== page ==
The technology was not in place at the site of Tuesday’s derailment, on Amtrak’s Northeast Corridor, the busiest passenger railroad in the country. The National Transportation Safety Board said Wednesday that positive train control would have prevented Train 188 from approaching a 50 mph curve at more than 106 mph.
Eight people were killed and more than 200 were injured. It was Amtrak’s first fatal accident on the Northeast Corridor since a January 1987 crash that killed 16 people. In that instance, positive train control could have stopped a freight locomotive from running past a stop signal into the path of the Amtrak train.
The NTSB has recommended positive train control for decades. In January, the board included the technology on its “Most Wanted” list of safety improvements. It did not endorse giving railroads an extension beyond December.
Amtrak actually may finish its installation of the system on the entire 457-mile passenger rail corridor between Washington and Boston ahead of most railroads.
“We will complete this by the end of the year,” Amtrak President and CEO Joe Boardman said Thursday at a news conference in Philadelphia.
The rail industry supports the Senate bill that would give the companies a five-year deadline extension, and even some of the industry’s toughest critics in Congress are prepared to give it more time.
According to the Federal Railroad Administration, freight hauler BNSF and Metrolink, a commuter railroad in Southern California, are positioned to meet the original deadline.
An August 2008 collision near Chatsworth, Calif., prompted Congress to pass the Rail Safety Improvement Act requiring positive train control. Twenty-five people were killed when a Metrolink commuter train ran past a stop signal and into the path of a Union Pacific freight. According to the NTSB accident report, the Metrolink engineer, who was among those killed, was texting just before the crash.
Another fatal crash, on New York’s Metro North commuter railroad in December 2013, renewed calls for positive train control. Four people were killed when a New York-bound train jumped the tracks in the Bronx. The train was traveling 80 mph when it hit a 30 mph curve.
Positive train control is designed to prevent a train from running a red signal or approaching a slow curve too fast. Accident investigators don’t yet know why Train 188 was going more than twice the appropriate speed when it derailed in Northeast Philadelphia, but they do know the accident was preventable.
“The Amtrak disaster shows why we must install positive train control technology as soon as possible,” Sen. Barbara Boxer, D-Calif., said in a statement Thursday.
One thing Congress did not do when it required railroads to install the system was give them any money to do it. When asked Thursday how much the government had contributed to the freight railroads to assist with positive train control, Hamberger, of the Association of American Railroads, replied, “Zero.”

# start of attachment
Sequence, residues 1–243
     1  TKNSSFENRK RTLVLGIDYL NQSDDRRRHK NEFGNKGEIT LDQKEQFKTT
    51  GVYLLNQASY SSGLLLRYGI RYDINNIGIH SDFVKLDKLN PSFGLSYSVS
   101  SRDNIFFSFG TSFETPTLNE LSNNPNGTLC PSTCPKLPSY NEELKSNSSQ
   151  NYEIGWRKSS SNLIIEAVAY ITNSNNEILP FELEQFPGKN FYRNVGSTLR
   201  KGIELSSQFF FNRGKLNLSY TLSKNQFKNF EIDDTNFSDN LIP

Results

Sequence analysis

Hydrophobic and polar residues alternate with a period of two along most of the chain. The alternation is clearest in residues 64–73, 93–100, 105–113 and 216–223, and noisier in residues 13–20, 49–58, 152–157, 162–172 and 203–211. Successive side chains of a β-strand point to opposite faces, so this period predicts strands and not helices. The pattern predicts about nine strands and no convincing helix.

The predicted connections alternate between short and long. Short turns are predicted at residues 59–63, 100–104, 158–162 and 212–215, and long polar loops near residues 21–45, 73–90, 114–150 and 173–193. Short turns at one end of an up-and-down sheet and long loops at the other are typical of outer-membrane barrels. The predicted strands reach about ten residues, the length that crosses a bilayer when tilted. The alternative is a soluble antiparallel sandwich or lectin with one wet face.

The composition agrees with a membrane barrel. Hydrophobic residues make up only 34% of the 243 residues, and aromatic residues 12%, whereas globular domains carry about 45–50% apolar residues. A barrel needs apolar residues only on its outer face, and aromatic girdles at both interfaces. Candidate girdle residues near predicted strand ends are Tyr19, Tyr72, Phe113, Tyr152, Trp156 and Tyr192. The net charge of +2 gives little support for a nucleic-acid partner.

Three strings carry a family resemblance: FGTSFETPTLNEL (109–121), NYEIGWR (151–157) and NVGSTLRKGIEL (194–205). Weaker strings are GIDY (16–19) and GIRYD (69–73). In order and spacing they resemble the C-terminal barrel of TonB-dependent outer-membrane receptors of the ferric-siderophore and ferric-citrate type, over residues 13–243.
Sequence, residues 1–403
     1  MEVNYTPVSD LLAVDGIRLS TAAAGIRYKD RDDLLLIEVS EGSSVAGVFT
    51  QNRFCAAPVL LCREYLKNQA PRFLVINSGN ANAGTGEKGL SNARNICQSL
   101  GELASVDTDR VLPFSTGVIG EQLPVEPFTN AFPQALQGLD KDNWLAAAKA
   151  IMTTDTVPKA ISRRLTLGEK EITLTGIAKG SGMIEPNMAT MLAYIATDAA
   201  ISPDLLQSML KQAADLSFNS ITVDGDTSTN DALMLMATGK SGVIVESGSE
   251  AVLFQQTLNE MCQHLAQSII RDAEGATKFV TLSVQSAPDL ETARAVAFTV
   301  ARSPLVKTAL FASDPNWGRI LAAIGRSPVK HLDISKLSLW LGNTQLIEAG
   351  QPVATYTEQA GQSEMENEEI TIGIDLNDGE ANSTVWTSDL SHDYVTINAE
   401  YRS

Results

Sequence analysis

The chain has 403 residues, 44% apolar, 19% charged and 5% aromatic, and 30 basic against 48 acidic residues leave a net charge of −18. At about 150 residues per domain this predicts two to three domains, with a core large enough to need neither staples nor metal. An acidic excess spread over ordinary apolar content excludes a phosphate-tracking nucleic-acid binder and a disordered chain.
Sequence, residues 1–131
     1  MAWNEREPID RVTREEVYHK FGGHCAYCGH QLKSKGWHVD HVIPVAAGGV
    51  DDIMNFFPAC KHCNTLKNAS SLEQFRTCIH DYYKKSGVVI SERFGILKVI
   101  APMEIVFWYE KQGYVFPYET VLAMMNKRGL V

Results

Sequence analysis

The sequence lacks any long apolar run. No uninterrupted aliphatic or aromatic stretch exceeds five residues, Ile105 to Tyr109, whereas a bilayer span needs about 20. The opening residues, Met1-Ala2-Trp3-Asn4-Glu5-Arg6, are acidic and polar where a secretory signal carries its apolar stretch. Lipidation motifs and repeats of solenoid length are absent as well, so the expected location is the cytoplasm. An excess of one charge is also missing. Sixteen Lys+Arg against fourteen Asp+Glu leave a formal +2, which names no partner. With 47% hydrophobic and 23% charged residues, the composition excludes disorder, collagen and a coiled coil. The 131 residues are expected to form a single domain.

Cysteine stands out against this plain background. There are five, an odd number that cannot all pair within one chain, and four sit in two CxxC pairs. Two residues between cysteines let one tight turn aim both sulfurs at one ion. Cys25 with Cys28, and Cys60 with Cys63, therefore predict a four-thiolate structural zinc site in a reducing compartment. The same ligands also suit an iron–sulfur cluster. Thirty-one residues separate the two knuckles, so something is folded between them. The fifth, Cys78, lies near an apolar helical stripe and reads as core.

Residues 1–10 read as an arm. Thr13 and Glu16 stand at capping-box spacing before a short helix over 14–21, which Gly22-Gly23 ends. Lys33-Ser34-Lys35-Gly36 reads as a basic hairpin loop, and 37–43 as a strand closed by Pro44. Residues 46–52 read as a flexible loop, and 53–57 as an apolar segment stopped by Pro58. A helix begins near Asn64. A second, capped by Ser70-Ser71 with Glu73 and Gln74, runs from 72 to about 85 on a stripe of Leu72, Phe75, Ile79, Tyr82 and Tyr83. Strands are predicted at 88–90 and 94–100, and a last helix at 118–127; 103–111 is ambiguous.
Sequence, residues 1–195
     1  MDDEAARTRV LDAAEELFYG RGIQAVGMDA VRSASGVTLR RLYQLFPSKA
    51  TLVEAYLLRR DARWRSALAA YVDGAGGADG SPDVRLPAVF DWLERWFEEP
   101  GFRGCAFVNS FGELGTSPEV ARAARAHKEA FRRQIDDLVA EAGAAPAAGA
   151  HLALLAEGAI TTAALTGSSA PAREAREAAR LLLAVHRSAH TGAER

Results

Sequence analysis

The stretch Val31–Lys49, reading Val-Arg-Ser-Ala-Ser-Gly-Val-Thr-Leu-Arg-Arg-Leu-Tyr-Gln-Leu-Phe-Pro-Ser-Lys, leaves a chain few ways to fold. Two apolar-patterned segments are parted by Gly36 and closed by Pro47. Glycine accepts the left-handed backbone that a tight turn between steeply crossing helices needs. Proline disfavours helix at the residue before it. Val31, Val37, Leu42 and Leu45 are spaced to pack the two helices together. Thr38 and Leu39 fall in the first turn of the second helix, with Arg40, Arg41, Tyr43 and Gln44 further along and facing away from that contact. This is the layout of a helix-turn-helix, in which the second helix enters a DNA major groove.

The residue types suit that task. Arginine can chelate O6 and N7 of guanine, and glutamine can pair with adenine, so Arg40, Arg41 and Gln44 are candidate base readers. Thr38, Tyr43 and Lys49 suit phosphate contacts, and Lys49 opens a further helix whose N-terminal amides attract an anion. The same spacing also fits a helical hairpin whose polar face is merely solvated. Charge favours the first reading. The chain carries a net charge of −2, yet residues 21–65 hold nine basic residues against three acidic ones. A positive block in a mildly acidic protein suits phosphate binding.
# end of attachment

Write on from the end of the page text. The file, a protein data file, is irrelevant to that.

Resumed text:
President Barack Obama’s fiscal 2016 budget includes $825 million to help commuter railroads install the technology. The president’s 2009 economic stimulus provided $64 million to Amtrak for its installation. But that wasn’t enough, the railroad said in a report justifying its 2014 budget request.
Overall, Amtrak has spent $110.7 million since 2008 to install positive train control.
“Additional funding to fully comply with PTC requirements is necessary,” Amtrak said.
Richard Harnish, the president of the Midwest High Speed Rail Association, a group that advocates for passenger rail improvements, said in a statement Thursday that positive train control was delayed because Congress gave railroads an unfunded mandate.
“Congress needs to invest in the safety of our transportation system,” he said.
Cantwell Statement on DOT Crude-by-Rail Safety Rules
May 1, 2015
WASHINGTON, D.C. – Today, U.S. Senator Maria Cantwell (D-WA) issued the following statement on the U.S. Department of Transportation’s new rules governing the safety of oil train tank cars.
“The new DOT rule is just like saying let the oil trains roll. It does nothing to address explosive volatility, very little to reduce the threat of rail car punctures, and is too slow on the removal of the most dangerous cars. It’s more of a status quo rule than the real safety changes needed to protect the public and first responders.”
In March following four fiery derailments involving oil trains, Cantwell introduced the Crude-By-Rail Safety Act of 2015 with Senators Patty Murray (D-WA), Tammy Baldwin (D-WI), Dianne Feinstein (D-CA), and Jeff Merkley (D-OR). The legislation requires the Pipeline and Hazardous Materials Safety Administration (PHMSA) to establish new regulations to mitigate the volatility of gases in crude oil shipped via tank car. It also would immediately halt the use of older-model tank cars at high risk for puncturing and catching fire in derailments, as well approving $40 million for first responder training programs to improve emergency response procedures.